Martin Luther King, Jr.
January 15, 1929 - April 4, 1968
”I Have a Dream”
Dr. Martin Luther King, Jr., was an American leader of nonviolence and a prophet of peace in a time of trouble. He dared valiantly to dream that . . . — Map (db m79784) HM
The Rev. James Curry, a missionary from Sherman, Texas, organized this congregation in 1885. It is the oldest African American church in the city. The Rev. James Lewis served as first pastor of the congregation, which met in a small house near the . . . — Map (db m78834) HM
In December 1880, H.C. Whithers of the Texas & Pacific Railroad met local men here to decide on a site for a cattle shipping center. Bypassing the county seat of Buffalo Gap, the railroad platted a new town named Abilene for the famous cattle town . . . — Map (db m78016) HM
On Aug. 29, 1863, Indian raiders (probably Comanches) coming north from Mason County, with stolen horses, were caught a mile east of Buffalo Gap by Lt. T.C. Wright and eleven State troopers.
The outnumbered soldiers were forced to attack up a . . . — Map (db m74715) HM
In 1849, U.S. Army Captain Randolph B. Marcy was charged with establishing an overland road from Fort Smith, Arkansas to Santa Fe, New Mexico for emigrants seeking gold in California. On October 20, a party of Comanches approached Marcy and his men . . . — Map (db m93271) HM
A man whose public service was of highest order. Born on a farm near this site in Van Zandt County. Educated at Cumberland University (Tennessee) and Tyler Commercial College, was County Attorney and County Judge of Smith County. As chairman of . . . — Map (db m84511) HM
One of the most famous Texas boom towns. Name was given to post office at request of President T.R. Roosevelt after his 1905 wolf hunt with rancher Burk Burnett in this area. Townsite was laid out in 1907 by Joseph A. Kemp and Frank Kell, surveyors . . . — Map (db m74822) HM
Past this Point Extended a
Connecting Fort Belknap and San Antonio. Blazed in 1851 by Lieutenant Francis T. Bryan of the U.S. Army. Traveled by troops, supply trains and frontier settlers. — Map (db m93535) HM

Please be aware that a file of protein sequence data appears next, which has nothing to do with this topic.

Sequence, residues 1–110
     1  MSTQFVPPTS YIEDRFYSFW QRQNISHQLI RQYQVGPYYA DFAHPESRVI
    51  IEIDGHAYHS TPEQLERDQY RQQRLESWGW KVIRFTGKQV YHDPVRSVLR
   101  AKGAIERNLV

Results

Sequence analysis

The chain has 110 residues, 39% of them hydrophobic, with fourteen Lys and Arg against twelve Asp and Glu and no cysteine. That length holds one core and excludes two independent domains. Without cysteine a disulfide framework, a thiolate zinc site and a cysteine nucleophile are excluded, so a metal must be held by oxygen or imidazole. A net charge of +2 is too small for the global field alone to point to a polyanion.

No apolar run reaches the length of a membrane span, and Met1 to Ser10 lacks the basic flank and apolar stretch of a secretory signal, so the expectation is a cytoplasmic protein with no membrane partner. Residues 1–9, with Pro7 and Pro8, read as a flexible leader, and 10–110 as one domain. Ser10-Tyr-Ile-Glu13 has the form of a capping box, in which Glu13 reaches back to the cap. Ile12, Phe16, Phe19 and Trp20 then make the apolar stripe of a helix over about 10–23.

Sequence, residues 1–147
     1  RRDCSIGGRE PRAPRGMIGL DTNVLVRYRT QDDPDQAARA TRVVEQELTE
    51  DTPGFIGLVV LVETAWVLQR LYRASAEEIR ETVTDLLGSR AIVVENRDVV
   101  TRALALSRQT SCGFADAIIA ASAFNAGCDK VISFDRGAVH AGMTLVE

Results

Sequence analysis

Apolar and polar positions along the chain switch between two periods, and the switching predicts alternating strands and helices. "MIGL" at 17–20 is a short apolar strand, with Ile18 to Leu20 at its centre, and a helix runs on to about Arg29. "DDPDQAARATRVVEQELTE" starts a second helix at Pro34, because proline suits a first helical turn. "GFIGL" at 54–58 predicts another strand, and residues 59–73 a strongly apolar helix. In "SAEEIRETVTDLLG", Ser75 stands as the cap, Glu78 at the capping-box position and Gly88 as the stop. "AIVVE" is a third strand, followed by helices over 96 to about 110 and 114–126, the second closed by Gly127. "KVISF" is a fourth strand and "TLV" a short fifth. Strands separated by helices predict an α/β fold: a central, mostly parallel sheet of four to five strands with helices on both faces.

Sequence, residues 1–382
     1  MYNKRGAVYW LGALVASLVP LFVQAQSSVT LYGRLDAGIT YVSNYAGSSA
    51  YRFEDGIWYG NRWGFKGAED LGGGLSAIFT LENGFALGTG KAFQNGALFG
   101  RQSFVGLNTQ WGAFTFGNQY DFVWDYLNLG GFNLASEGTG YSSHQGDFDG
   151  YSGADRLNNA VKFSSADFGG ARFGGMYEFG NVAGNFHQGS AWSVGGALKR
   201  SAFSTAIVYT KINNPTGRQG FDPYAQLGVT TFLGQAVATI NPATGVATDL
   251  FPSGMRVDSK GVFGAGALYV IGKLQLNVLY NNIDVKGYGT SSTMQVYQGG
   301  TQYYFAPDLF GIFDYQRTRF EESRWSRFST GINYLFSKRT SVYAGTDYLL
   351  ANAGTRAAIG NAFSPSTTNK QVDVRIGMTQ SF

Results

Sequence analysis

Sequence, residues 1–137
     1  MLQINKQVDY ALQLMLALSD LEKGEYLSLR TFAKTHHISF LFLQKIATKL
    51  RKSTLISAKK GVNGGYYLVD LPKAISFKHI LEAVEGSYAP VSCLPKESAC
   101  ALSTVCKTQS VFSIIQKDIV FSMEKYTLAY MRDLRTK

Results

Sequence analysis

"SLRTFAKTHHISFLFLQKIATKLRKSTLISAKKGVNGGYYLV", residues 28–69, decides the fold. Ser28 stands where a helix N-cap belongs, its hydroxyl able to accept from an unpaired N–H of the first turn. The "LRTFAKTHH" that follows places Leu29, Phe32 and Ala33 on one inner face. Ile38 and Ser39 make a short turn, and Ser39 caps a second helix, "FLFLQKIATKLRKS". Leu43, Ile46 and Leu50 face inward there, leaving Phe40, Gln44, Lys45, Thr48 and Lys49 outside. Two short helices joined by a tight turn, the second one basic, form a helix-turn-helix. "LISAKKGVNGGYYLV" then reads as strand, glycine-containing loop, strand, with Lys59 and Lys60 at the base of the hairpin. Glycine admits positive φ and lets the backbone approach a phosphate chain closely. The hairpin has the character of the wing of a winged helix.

The Rocky Mountain Fur Company, headed by Milton G. Sublette, David E. Jackson and Jedediah S. Smith, conducted a fur trading rendezvous in this vicinity in June-July, 1827, taking 130 bales of beaver furs for shipment to St. Louis by pack train. . . . — Map (db m66970) HM
Modern roads and highways often follow historic transportation corridors. In the mid 1800s, the California, Mormon Pioneer, and Pony Express Trails all passed through this canyon. Today, Interstate 80 in Echo Canyon . . . — Map (db m67627) HM
Utah's famed measured mile is located approximately seven miles beyond this marker, well in front of the mountains you see on the horizon. The elevation along that course is approximately 4,218 feet above sea level. *** The total length of the . . . — Map (db m67177) HM
This is the Hillsman House, used by the Unionists as a hospital in the engagement of April 6, 1865. From the west side of the creek the Confederates charged and broke through the Union infantry, but were stopped by the batteries . . . — Map (db m8284) HM
Before the Ice Age floods, no stream or waterfall existed here. Instead, the Palouse River flowed through Washtucna Coulee. What caused the river to jump its course?
When the floods surged across the area, they cut a path through the fractured . . . — Map (db m83021)
The basalt you see in the dry distant hills and the rock under your feet holds a tale of dramatic change. The landscape tells a story of ancient floods, rivers of lava, and the impact of humans along the Columbia River. If you look carefully and . . . — Map (db m82828)
You are standing in the pathway of some of the largest floods ever known. They carved steep-walled canyons, sculpted immense waterfalls, and left behind landscapes found nowhere else on earth.
Massive Glacial Dams and Lakes
During the . . . — Map (db m82826)
The Mauvaise (Bad) River was so named by the French due to the difficulties of its navigation. The Indians called it Mushkeezeebi or Marsh River. In 1845 the Rev. L.H. Wheeler, Protestant missionary at La Pointe, planned an agricultural settlement . . . — Map (db m63661) HM
This monument commemorates the Lincoln Highway, America's first transcontinental automobile road, and Henry Bourne Joy, the first president of the Lincoln Highway Association (1913). Joy, also president of the Packard Motor Car Company, is sometimes . . . — Map (db m47145) HM
Marks the Site of
Established September 5, 1866
Abandoned May 18, 1882
Named in Honor of
William P. Sanders
Erected by the
State of Wyoming
Jacques Laramie Chapter . . . — Map (db m67995) HM
The red cliff face to your left flanks Sunlight Mesa. At the top is Elephant Head Rock, so named because of its shape. The triangle-shaped mountain to the right is named Pyramid Peak. To your far right is a prominent rock-topped mountain called . . . — Map (db m68892) HM
The south central portion of Wyoming has long been a travel corridor for prehistoric and historic people. Native American tribes from the Great Basin region to the west crossed this area to hunt buffalo on the eastern plains.
From 1810 . . . — Map (db m67988) HM
Graves were an all-to-frequent reminder of the dangers of overland travel. Most emigrant journals record death, burial, or passing graves during the day's travel. Most burials along the trail were hasty affairs.
The official Company Journal of . . . — Map (db m67045) HM